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Floor plans could determine how your home fares in a fire

Home design affects the way a fire burns
Posted: 11:18 AM, Oct 17, 2018
Updated: 2018-10-17 23:24:12Z

KANSAS CITY, Mo. — Thanks to the earliest snowfall in Kansas City history, you probably turned on your heater this week. So, what better time to think about a fire plan for your family?

As it turns out, that plan could be different from one neighborhood to the next.

Overland Park Fire Department Battalion Chief Mark Messinger said his crew gathers information about your home and neighborhood before they even get to you.

“It actually starts when the call comes in,” Overland Park Fire Department Battalion Chief Mark Messinger said. “We kind of have a pre-planned idea of what is the neighborhood. Are they smaller, or larger?”

41 Action News toured one home in south Overland Park to see examples of things firefighters consider.

“It's in a cul-de-sac, so the front of the houses are kind of close together, and then they kind of pie-shape out into the backyard,” Messinger pointed out.

Once inside, fire crews are factoring in the design of your house, for one very important reason.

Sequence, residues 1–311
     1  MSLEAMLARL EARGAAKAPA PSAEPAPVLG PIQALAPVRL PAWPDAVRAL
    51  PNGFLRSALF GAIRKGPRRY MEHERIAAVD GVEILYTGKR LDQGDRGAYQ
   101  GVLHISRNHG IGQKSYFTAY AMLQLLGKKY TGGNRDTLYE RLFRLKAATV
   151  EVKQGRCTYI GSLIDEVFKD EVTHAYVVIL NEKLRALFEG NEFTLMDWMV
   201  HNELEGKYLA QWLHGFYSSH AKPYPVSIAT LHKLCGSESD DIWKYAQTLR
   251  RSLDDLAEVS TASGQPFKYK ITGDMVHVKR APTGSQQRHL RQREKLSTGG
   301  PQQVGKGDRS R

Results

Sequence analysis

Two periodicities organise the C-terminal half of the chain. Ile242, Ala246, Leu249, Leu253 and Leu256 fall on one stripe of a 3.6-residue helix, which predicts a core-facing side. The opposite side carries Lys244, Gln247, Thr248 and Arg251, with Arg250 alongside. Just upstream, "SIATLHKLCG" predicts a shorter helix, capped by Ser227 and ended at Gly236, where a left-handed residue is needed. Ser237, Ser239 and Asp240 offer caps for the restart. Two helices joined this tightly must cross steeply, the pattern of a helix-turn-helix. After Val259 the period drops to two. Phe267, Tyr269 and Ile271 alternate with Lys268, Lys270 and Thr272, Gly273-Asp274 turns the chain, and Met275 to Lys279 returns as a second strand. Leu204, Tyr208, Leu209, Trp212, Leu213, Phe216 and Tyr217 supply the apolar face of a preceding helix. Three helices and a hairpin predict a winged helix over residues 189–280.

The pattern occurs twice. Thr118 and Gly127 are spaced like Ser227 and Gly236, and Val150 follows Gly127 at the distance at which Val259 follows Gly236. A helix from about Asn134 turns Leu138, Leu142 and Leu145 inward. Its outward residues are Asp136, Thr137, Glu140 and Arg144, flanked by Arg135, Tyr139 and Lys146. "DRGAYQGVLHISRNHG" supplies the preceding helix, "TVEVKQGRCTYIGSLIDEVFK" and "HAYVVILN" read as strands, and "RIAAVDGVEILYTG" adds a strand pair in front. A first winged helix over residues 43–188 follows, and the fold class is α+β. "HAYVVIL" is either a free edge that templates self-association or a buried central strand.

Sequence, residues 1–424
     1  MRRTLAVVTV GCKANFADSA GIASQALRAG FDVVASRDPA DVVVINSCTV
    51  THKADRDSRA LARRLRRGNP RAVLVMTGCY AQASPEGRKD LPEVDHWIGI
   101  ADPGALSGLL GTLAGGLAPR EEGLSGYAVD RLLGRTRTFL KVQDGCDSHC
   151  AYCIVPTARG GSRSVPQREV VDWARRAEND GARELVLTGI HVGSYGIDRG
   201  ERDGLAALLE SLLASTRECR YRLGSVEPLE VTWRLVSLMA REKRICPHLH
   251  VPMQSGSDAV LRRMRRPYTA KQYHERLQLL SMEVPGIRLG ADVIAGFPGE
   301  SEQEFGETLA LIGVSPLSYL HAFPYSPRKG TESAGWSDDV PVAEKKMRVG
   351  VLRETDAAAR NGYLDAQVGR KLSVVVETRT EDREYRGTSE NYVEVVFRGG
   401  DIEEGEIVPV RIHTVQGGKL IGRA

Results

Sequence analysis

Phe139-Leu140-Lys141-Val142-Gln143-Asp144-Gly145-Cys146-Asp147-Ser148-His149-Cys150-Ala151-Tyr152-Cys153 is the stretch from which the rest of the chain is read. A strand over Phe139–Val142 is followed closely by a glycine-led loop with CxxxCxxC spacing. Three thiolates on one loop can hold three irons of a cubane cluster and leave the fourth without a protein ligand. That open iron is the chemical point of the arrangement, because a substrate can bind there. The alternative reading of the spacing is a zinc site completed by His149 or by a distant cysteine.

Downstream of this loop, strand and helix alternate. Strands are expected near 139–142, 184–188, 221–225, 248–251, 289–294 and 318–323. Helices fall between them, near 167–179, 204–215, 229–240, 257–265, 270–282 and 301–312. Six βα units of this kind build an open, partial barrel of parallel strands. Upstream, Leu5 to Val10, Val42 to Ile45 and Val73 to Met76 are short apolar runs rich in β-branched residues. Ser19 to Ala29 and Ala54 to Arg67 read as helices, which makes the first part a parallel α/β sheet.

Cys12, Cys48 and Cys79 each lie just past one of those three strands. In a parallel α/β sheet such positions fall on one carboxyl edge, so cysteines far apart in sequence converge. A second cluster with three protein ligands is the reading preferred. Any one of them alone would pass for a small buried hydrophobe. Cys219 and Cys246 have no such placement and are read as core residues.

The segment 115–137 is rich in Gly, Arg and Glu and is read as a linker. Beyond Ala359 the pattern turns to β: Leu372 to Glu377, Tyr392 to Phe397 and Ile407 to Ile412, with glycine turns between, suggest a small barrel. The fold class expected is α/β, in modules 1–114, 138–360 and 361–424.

“Fire follows the path of least resistance, always,” Messinger said.

Underwriters Laboratories has studied “legacy” construction versus the contemporary open floor plans — recreating rooms, filling them with furniture from corresponding years, and setting them on fire.

The organization's studies show that modern designs burn much faster, doubling in size in just seconds.

“Home construction 50 years ago, it was all compartmentalized,” Messinger said. “Nobody wants to buy those anymore. It's all wide open.”

But Messinger isn't trying to scare anyone away from certain floor plans, but just educating them about how homes will react in the event of a fire.

Modern homes often don’t have doors to stairways down to the basement level. In the case of a basement fire, the flames will travel to the main level faster, because there’s no barricade.

Messigner said barricades can be effective in other areas of the home, such as bedrooms, no matter where they're located.

“Keep your doors closed,” Messinger said. “There's been a lot of research, and a lot of film, that's been put together on fires that happen inside, door closed versus door open, and it's amazing the difference between the two.”

Other tips include purchasing and installing heat detectors, which register sudden rapid rises in temperature, and syncing smoke detectors so that if one goes off, every one in the house goes off.

Because even Messinger, a 30-year veteran fireman, will tell you...

“Smoke detectors will save far more lives than any firefighter ever could.”

Messinger also stressed the importance of keeping non-combustible items in basement storage rooms, and having windows that are easy to open in the basement, and upstairs bedrooms.

For more tips on how to protect your home, no matter the design, you can click here to visit the National Fire Protection Association’s website.